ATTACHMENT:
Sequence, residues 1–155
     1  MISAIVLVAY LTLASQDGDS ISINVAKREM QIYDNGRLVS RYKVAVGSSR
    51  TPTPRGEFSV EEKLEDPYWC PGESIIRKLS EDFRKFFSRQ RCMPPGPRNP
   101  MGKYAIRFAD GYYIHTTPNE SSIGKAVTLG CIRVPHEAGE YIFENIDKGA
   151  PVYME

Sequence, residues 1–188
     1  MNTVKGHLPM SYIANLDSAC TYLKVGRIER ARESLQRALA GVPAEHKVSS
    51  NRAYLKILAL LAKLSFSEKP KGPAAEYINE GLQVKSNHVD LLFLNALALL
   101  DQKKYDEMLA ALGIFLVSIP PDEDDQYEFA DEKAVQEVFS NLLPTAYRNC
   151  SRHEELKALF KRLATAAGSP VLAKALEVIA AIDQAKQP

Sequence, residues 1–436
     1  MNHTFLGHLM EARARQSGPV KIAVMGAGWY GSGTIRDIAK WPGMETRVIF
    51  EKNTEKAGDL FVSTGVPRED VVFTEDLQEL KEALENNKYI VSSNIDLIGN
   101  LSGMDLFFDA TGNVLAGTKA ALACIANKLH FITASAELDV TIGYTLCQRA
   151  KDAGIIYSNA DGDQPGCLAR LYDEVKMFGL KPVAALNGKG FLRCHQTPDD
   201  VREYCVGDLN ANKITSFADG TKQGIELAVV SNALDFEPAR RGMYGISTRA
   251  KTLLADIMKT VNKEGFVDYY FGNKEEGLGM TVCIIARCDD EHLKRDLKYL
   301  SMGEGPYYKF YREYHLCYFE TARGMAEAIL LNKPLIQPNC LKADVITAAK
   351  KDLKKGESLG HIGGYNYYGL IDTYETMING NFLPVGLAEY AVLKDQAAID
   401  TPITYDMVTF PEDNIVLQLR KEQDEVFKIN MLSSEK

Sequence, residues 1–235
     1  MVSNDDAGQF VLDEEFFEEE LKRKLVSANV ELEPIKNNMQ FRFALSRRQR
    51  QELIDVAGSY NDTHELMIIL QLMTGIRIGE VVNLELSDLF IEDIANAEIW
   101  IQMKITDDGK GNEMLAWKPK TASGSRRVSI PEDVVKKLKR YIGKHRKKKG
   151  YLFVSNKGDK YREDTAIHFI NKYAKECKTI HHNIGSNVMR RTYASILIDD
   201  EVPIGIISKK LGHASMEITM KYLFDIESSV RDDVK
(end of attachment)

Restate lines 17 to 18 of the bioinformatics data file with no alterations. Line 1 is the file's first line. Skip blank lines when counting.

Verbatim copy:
   251  KTLLADIMKT VNKEGFVDYY FGNKEEGLGM TVCIIARCDD EHLKRDLKYL
   301  SMGEGPYYKF YREYHLCYFE TARGMAEAIL LNKPLIQPNC LKADVITAAK